A plant-based patty that might convincingly pass as meat? As recently as a year ago, when most of us still thought of “veggie burgers” as flat discs made from mushrooms or black beans, such a creation still felt like near-future science fiction.
But this has been a sizzling summer in the plant-based protein world, with leading faux-meat brands securing big deals almost weekly, sparking media coverage and international discussion of the trend along the way.
In short, meatless is having a moment. And the stakes are beefy: Billions of dollars of brand value are being built behind the scenes by the key architects of this movement, fueled by product innovation, strategic brand partnerships and growing consumer demand.
Most recently, Impossible Foods and Burger King announced the national rollout of the Impossible Whopper, adding 7,000-plus outlets to the roughly 10,000 restaurants already serving the brand’s meat substitute (White Castle, Red Robin and Cheesecake Factory among them). The nationwide expansion, following a successful test and a manufacturing deal to reverse shortages and scale production, gives Impossible some valuable, high-profile exposure as it readies its first foray into supermarkets this fall.
Top rival Beyond Meat just added Dunkin’ and Subway to its roster, expanding into breakfast and nonburger sandwiches. The Los Angeles-based company, now with a post-IPO valuation of $12 billion, more than tripled its sales in the fiscal second quarter (and its revenue outlook bumped up by $30 million as a result), according to its earnings report. Fanning out from beef substitutes, the brand is tackling more items, such as fake bacon as a potential next offering.
These competitors are touting their meat-like qualities and attracting the interest of investors like Bill Gates, Jay-Z and Serena Williams, not to mention inking deals at a furious pace with grocery stores, meal kit services, theme parks, stadiums, and casual-dining and fast-food chains.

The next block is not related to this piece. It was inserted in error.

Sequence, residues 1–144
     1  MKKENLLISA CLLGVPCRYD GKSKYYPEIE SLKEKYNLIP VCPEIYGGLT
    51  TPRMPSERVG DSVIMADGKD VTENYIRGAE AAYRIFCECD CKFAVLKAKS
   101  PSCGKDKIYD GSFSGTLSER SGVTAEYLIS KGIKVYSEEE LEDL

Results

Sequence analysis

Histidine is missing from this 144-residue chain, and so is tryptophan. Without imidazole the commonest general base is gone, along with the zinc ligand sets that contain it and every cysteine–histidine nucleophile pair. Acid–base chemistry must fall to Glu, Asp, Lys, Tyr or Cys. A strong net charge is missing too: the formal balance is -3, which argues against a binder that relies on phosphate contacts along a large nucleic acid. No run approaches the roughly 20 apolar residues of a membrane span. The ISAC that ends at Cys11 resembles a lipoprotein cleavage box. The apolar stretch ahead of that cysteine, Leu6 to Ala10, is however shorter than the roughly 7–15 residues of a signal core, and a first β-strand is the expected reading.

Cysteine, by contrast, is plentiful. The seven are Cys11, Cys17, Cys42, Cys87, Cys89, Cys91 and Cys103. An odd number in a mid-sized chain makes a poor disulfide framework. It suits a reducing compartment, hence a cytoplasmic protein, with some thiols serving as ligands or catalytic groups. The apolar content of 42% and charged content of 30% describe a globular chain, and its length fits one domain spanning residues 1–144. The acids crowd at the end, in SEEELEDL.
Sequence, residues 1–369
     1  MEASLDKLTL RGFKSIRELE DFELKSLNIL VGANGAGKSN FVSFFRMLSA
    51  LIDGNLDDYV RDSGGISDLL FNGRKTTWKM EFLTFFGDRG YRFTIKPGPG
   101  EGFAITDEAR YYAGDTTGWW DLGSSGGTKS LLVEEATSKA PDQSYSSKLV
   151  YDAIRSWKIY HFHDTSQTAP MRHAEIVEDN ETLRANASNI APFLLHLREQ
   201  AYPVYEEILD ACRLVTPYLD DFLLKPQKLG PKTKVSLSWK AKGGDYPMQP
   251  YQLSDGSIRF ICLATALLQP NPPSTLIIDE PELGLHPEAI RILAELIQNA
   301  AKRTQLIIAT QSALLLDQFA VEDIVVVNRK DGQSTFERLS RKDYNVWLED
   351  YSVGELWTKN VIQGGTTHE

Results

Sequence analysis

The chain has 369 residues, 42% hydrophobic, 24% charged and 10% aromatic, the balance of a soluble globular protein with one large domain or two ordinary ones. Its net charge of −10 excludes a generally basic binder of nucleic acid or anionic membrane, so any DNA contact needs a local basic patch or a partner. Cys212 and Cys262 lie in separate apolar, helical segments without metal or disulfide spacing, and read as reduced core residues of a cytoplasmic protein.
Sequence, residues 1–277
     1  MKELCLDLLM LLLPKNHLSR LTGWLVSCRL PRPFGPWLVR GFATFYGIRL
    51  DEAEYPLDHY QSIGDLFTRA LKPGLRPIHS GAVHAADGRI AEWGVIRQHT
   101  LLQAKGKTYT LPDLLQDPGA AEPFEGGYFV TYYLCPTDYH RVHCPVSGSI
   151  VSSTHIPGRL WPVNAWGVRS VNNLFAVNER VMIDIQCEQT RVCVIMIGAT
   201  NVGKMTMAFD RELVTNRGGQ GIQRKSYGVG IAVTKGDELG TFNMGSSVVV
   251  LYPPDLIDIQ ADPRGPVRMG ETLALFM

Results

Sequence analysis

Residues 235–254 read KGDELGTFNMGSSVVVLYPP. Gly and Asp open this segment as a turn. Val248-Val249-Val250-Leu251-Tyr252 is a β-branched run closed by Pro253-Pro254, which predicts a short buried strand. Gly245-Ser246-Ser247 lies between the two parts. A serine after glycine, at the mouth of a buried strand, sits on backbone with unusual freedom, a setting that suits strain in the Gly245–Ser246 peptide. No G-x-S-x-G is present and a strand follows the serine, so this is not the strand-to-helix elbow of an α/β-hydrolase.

‘The Tesla model’
Veggie burgers, whether made with mushrooms, kale, black beans or tempeh, have been around for decades in the freezer section at supermarkets, at specialty stores and on restaurant menus. Even fast-food joints have offered nonmeat patties from the likes of Dr. Praeger’s, MorningStar Farms and other brands, though primarily as a nod to having a vegetarian option.
“Often it was there to check a box,” said Zak Weston, food-service expert at the nonprofit Good Food Institute. “It looked like an afterthought, and consumers assumed it tasted like one.”
A real turning point came when chef-driven restaurants like Momofuku in New York and Jardinière in San Francisco added Impossible burgers in 2016, which Weston refers to as “the Tesla model” of starting at the high end of the market with influencers and early adopters.
It didn’t take long for the trend to trickle down to other restaurant tiers, as product quality improved and consumer demand surged.
“On the supply side, the plant-based alternatives started replicating the whole sensory experience of meat,” Weston said. “So there’s a new kind of product on one hand, and consumers reducing the red meat and animal protein in their diets on the other. It’s two megatrends intersecting.”
Faux burger brands, he said, have followed a similar path as dairy alternatives, such as soy- and nut-based milks. Once niche products aimed almost medicinally at the lactose intolerant, dairy substitutes gradually became more mainstream in their flavor, positioning, packaging and marketing.
“It’s a similar playbook,” Weston said, noting that plant-based burgers now have a 3.5% market share across all fast-food burgers. “That’s significant and growing.”
All about access
Burger King execs might make the Impossible Whopper a permanent menu fixture (it’s a limited item now) and say they are considering other Impossible products. Though there are still going to be some kinks to work out before that happens, such as claims that the Impossible Whopper isn’t 100% vegetarian since it’s cooked on the same broilers as the meat patties and chicken products.
“We believe in the long-term viability of the category,” said Chris Finazzo, BK’s president for North America.
Carl’s Jr. reports a “huge” consumer response for its Beyond Famous Star Burger (featuring, as you might guess from the name, a Beyond Burger patty), with 4 million sold since its January intro.
“In addition to seeing great momentum in core markets like California,” said Patty Trevino, svp of marketing for Carl’s Jr., “it is also bringing in new consumers everywhere—even in places like Oklahoma, where livestock is big business.”
Beyond and Impossible, locked in a Coke versus Pepsi-style land grab, have nailed down agreements with everyone from Blue Apron and Whole Foods to Del Taco and Little Caesars, proving that it’s not a foodie fringe or urban-only phenomenon. The one notable holdout so far has been McDonald’s.
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